Northwoods Cooperative Weed Management Area
Northwoods Cooperative Weed Management Area

Working Together to Protect Northern Wisconsin from Invasive Species

Invasive Species and Alternative Control Methods Workshop

The NCWMA hosted a daylong workshop on Invasive Species and Alternative Control Methods on July 20th at the Northern Great Lakes Visitor Center in Ashland, Wisconsin. Forty-five people attended the event. The day was jam-packed with interesting presentations and field trips. Thanks to everyone who attended and presented! Thanks to the Whittlesey National Wildlife Refuge for bus transportation and to the U.S. Forest Service for providing a great venue for the event.


Photo: Steve Garske from the Great Lakes Indian Fish and Wildlife Commission (GLIFWC) demonstrates a biocontrol insect collecting device for managing leafy spurge.

Check out the NCWMA's 2022 Annual Report!

The NCWMA hired five seasonal workers and treated 34 sites of garlic mustard, 114 sites of knotweed, along with wild parsnip, teasel Dalmatian toadflax, butterfly dock, cattail, yellow flag iris, and Phragmites. Learn all the details.

High Priority Invasive Species in the NCWMA

Below are a few high priority invasive species of the NCWMA.  Click this link for information on these and other high priority invasive species in our region.

Garlic Mustard

Garlic Mustard spreads quickly through rich hardwood forests.  Volunteers can help hand-pull garlic mustard in the spring! Read more!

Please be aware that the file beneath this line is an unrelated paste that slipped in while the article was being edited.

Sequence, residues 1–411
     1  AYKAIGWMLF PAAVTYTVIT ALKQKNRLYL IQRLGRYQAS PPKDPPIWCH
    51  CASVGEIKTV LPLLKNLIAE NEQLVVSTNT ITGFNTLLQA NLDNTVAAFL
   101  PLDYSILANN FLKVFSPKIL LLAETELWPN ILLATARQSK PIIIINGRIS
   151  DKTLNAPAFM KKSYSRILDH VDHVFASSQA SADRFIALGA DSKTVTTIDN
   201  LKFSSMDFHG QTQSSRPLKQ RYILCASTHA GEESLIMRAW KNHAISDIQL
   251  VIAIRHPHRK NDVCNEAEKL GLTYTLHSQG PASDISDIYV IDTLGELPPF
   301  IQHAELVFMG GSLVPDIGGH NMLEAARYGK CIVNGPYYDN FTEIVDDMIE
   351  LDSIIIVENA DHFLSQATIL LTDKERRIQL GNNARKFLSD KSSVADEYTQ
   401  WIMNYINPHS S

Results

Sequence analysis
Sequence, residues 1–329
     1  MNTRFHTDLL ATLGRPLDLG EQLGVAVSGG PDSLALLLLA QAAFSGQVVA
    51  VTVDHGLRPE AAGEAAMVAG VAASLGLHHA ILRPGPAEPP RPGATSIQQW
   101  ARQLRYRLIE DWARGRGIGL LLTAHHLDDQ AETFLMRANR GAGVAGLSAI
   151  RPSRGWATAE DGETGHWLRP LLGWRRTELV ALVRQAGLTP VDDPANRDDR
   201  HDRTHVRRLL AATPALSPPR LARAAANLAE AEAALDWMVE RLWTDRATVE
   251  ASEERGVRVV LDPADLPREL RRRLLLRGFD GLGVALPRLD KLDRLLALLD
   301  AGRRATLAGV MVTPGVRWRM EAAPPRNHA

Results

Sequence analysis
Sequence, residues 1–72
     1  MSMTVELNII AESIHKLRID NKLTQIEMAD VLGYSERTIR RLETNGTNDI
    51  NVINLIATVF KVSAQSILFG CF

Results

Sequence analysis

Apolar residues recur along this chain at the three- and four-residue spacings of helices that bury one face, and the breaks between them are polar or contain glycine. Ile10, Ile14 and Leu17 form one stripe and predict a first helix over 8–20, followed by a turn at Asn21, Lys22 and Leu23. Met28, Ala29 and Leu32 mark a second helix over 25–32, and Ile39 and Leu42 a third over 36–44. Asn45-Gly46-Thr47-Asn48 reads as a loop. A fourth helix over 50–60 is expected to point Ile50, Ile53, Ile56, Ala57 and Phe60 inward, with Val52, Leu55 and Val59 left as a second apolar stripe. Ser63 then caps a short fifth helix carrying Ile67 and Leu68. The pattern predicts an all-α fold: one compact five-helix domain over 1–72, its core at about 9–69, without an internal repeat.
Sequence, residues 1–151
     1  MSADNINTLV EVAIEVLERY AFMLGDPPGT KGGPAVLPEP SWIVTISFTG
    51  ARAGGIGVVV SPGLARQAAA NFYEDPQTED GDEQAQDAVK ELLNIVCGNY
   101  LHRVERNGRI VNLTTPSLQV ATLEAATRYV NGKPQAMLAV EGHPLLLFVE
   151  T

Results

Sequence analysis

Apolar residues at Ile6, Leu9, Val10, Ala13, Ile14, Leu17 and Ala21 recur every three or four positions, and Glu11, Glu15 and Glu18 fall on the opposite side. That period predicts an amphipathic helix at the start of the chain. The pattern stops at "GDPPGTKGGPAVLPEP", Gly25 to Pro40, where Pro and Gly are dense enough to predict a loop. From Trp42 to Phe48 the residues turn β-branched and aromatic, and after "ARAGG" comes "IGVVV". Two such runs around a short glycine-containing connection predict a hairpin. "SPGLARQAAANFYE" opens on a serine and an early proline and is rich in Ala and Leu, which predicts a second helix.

Giant, Japanese, and Bohemian Knotweeds were planted in yards throughout the region.   Read more on basic identification and the NCWMA Knotweed Project.

Wild Parsnip

Watch out for wild parsnip!  This invasive species can cause severe blisters when sap on skin is exposed to light.  Read more!

Giant Hogweed

Giant in every way!  The sap is toxic to skin.  This species is rare in our area.  Learn how to identify it.

Invasive Bushes

Exotic buckthorns, honeysuckles and Japanese barberry are ornamental bushes that invade forests.  Learn more.


Cut-leaf and common teasels are uncommon in the area.  The NCWMA would like to eradicate all sites.  Learn more.


Invasive Phragmites (common reed) takes over wetlands. Learn more

Purple Loosestrife

Purple loosestrife is pretty, but invasive in wetlands throughout the area. Learn more.

Garden Valerian

Garden valerian has become very common along roads and fields in Douglas and Bayfield County. Learn more.

Yellow Flag Iris

Yellow flag iris is taking over shorelines of lakes and rivers. Learn more!

Leafy Spurge

This species is poisonous to cattle and takes over fields. Its deep roots make it difficult to control. Learn more!

European Swamp Thistle

This is a wetland thistle spreading from NE Wisconsin. Learn more.

Photos from NCWMA Events

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